"He yelled at both students to stop, quickly ran over and stepped between the students," the CPC found. "With his arms extended toward each student, respondent continued to yell at them to stop."

One student stepped away, but the other – identified only as "Student AA," a special education enrollee with a hearing impairment – tangled with Glaviano in a fight that lasted four to five minutes, according to the CPC's factual summary.

When the fight was over, Glaviano and the student gave their stories to school officials. Ten days later, the district suspended the teacher, and on Feb. 27 it filed an accusation charging that Glaviano "had not acted in self-defense; that his behavior instigated further confrontation and provoked 'AA' to escalate the fight." The district said the teacher's alleged wrongdoing merited his firing, or at least a 180-day suspension, which Glaviano challenged.

District officials contended Glaviano "was not required to defend" the student who was challenged by "AA," that he "should have called for help rather than intervene in a verbal disagreement between two students," according to the commission. They used Glaviano's initial statements, in which he allegedly admitted, "I shouldn't have hit him," and, "That's what I guess set the student off," to portray him as the aggressor.

Glaviano testified at the commission hearing that he was protecting a smaller and more "passive" student. He said he was forced to defend himself when "AA" turned his focus to the teacher. He said he hit the student in the mouth "reflexively" to defend himself, and that his initial accounts of the fight to school officials were incomplete because he was traumatized.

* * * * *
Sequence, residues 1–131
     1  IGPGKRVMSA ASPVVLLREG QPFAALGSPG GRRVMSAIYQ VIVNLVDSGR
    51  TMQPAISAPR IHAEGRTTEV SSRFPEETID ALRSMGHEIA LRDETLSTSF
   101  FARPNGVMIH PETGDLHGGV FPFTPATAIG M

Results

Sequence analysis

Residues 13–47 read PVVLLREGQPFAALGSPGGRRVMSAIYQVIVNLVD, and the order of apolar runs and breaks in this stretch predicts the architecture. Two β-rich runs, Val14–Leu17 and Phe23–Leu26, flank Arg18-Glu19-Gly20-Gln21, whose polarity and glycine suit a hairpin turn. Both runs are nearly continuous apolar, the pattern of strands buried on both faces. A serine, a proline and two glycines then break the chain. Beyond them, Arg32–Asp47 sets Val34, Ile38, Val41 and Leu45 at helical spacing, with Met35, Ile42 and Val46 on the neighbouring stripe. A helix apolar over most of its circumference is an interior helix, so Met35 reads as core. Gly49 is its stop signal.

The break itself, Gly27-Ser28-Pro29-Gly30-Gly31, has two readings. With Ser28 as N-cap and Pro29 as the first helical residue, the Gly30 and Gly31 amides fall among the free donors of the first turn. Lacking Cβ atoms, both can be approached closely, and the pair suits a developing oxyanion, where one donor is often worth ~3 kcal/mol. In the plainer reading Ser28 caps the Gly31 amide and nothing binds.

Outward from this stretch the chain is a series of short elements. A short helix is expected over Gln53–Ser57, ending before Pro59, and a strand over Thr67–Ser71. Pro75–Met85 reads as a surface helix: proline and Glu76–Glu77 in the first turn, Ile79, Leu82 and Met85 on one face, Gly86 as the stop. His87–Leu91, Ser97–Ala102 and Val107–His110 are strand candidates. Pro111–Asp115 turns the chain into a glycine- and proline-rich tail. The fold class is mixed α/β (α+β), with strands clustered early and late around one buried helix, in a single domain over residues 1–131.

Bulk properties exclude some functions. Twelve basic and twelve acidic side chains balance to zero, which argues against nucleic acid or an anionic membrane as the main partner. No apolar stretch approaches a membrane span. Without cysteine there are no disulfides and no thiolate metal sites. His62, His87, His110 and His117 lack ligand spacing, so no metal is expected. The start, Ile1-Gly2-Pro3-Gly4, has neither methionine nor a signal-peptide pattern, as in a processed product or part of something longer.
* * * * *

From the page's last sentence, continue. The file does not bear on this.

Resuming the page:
The CPC found Glaviano "credible." The panel's decision said the student "was much younger, much taller and much heavier than respondent." It found that "AA" slugged Glaviano multiple times, put him in a chokehold and lifted him off his feet and threw him upside down into a chain-link fence.

Other students in the class came to Glaviano's rescue, and the testimony of eight of them that corroborated the teacher's account was a crucial factor in the commission's decision. Some of the students, however, said they got together before they made their initial statements to the district to make sure their accounts were consistent with each other. They also agreed to "leave out facts that they were concerned might cause (Glaviano) to get in trouble," such as his hitting "AA" in the mouth.

Under oath during the May hearings, the students acknowledged talking with each other the day of the fight to get their stories straight to help Glaviano. But they said they stuck to their accounts that "AA" was the aggressor, that he pushed Glaviano when the teacher tried to break up the initial fight.

© Copyright The Sacramento Bee. All rights reserved.


Call The Bee's Andy Furillo, (916) 321-1141. Follow him on Twitter @andyfurillo.

Read more articles by Andy Furillo